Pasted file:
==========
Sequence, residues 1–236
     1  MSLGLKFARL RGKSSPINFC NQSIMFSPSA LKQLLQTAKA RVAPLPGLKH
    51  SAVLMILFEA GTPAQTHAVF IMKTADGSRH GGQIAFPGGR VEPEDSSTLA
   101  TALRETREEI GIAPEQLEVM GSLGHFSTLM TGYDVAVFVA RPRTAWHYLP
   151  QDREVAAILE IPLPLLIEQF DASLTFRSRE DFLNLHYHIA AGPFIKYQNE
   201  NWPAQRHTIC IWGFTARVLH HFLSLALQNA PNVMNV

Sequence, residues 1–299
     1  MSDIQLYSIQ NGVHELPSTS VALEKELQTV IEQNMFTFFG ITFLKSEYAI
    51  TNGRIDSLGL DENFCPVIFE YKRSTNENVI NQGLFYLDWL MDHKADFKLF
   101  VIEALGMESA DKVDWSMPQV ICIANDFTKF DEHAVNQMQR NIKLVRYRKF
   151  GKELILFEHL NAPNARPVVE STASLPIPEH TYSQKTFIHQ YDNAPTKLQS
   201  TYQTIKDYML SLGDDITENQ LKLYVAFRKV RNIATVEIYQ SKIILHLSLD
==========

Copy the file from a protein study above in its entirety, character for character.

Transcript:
Sequence, residues 1–236
     1  MSLGLKFARL RGKSSPINFC NQSIMFSPSA LKQLLQTAKA RVAPLPGLKH
    51  SAVLMILFEA GTPAQTHAVF IMKTADGSRH GGQIAFPGGR VEPEDSSTLA
   101  TALRETREEI GIAPEQLEVM GSLGHFSTLM TGYDVAVFVA RPRTAWHYLP
   151  QDREVAAILE IPLPLLIEQF DASLTFRSRE DFLNLHYHIA AGPFIKYQNE
   201  NWPAQRHTIC IWGFTARVLH HFLSLALQNA PNVMNV

Sequence, residues 1–299
     1  MSDIQLYSIQ NGVHELPSTS VALEKELQTV IEQNMFTFFG ITFLKSEYAI
    51  TNGRIDSLGL DENFCPVIFE YKRSTNENVI NQGLFYLDWL MDHKADFKLF
   101  VIEALGMESA DKVDWSMPQV ICIANDFTKF DEHAVNQMQR NIKLVRYRKF
   151  GKELILFEHL NAPNARPVVE STASLPIPEH TYSQKTFIHQ YDNAPTKLQS
   201  TYQTIKDYML SLGDDITENQ LKLYVAFRKV RNIATVEIYQ SKIILHLSLD